Take its name to mean that Apertuisane will poke circuit boards with sharp sticks to find any weaknesses they might have. You could also say that Apertuisane will poke holes into electrical problems. More importantly, it sounds a lot like Apertus°, so that’s nice.

You know what’s even nicer ? That orange “degree” symbol in the logo. To quote the Apertus° website :

The “o” stands for “open”, “openness”, “open source” and is placed where a “TM” symbol (indicating patents, trademarks, protection) would normally reside.

Who is it really for ?

Just like the song, it’s just me, myself and I : the robot army I’m going to conquer the world with is not going to suffer the crappy quality control we’ve witnessed from the Trade Federation and Skynet. Nah, just kidding ! It’s for the people, of course ! Besides, if I had a robot army, I’d make them test each other, duh !

FPT’s cost a fair bit of cash, and as such they are beyond the grasp of a growing segment of electronics manufacturers : the crowdfunding community.

The Kickstarters of this world are full of niche electronics projects which, when successful, lead to the production of anywhere from a hundred to several thousand boards. This is a dark area : enough boards you wouldn’t want to test them all by hand, but also far too few to justify buying an FPT.

If your project happens to fall into that category, the logical solution is to outsource your testing. But that isn’t especially cheap either. Or practical.

That’s where a small and cheap FPT will come in handy.

It would also be a nice tool to find in any hackerspace. If it is easy to setup, perhaps as easy as feeding it your CAD files on an SD card, then putting every board you make into the FPT down at your local hackerspace could become a time-saving reflex for almost any hobbyist. That’s my vision, at any rate.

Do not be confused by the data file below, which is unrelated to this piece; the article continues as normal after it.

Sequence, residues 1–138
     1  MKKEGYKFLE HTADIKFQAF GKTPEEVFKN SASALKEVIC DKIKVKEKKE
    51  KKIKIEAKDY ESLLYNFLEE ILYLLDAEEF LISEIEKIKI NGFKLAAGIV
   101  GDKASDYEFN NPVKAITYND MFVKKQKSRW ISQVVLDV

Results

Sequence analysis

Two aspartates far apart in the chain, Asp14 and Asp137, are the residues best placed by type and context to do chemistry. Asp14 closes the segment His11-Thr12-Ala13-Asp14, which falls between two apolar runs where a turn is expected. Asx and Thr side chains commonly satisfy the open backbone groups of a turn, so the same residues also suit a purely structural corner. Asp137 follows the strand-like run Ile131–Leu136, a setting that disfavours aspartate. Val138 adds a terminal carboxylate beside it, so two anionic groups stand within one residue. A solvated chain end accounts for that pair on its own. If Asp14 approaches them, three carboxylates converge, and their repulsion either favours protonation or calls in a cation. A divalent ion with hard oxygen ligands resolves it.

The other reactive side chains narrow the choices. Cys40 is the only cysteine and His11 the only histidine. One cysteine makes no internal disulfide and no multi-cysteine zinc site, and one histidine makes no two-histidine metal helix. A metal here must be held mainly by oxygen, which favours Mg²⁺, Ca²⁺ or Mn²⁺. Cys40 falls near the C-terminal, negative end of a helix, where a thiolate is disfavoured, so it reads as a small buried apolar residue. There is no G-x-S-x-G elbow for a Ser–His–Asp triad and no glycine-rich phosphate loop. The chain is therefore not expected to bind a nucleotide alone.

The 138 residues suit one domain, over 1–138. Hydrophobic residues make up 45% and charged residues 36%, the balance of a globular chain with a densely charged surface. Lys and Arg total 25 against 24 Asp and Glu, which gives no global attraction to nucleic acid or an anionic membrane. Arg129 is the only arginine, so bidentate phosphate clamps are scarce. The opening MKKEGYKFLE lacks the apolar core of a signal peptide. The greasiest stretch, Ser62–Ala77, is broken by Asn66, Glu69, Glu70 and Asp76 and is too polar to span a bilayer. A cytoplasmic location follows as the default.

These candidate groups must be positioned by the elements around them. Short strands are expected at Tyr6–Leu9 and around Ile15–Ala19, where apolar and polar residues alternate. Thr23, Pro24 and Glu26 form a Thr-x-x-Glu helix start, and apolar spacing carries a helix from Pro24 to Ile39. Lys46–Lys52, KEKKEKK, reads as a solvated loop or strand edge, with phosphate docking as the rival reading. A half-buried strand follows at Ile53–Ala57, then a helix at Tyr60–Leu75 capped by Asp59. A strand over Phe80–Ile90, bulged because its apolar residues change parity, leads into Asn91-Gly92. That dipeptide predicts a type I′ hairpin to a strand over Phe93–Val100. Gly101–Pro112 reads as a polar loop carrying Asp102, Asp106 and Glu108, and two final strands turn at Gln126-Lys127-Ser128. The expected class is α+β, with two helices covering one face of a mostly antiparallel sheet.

Also, it will look nice in your hollowed-out volcano hideout. Think what Goldfinger could have done to James Bond if he had had an FPT instead of a laser…

Where is this going to happen ?

Apertuisane, or rather, Apertuisane°, is an open-source project. This means everything about it will be published online.

However, it’s going to be a joyous mix of specification documents, CAD drawing, circuit board designs and two or three flavors of software. And it all needs to be under version control because a/ this isn’t the Dark Ages anymore and b/ while I’m starting on my own, anyone of you lot could end up contributing.

For now, here’s where I’ll put everything :

  • Apertuisane GitHub repository : any file that can be handled by git without it getting in the way of efficiency, will be stored in that repo. That means any engineering document, source file, text file, etc… and I must warn you, unlike my website it’ll contain no attempt at humor.
  • OnShape cloud : OnShape is a free web-based mechanical CAD system with capabilities on the level of SolidWorks. OnShape documents are public by default, and under version control. You can learn more about it right here.
  • Nefastor Online : since this is my site, what better place to post my progress and any news about this project ? Also, if you really must bother me, this contact form is the channel I’d like you to use.

Starting Point

It all started from this page on the Apertus° website.

The concept is simple : to leverage components that have been made really cheap from the economies of scale born out of the rise of DIY 3D printers.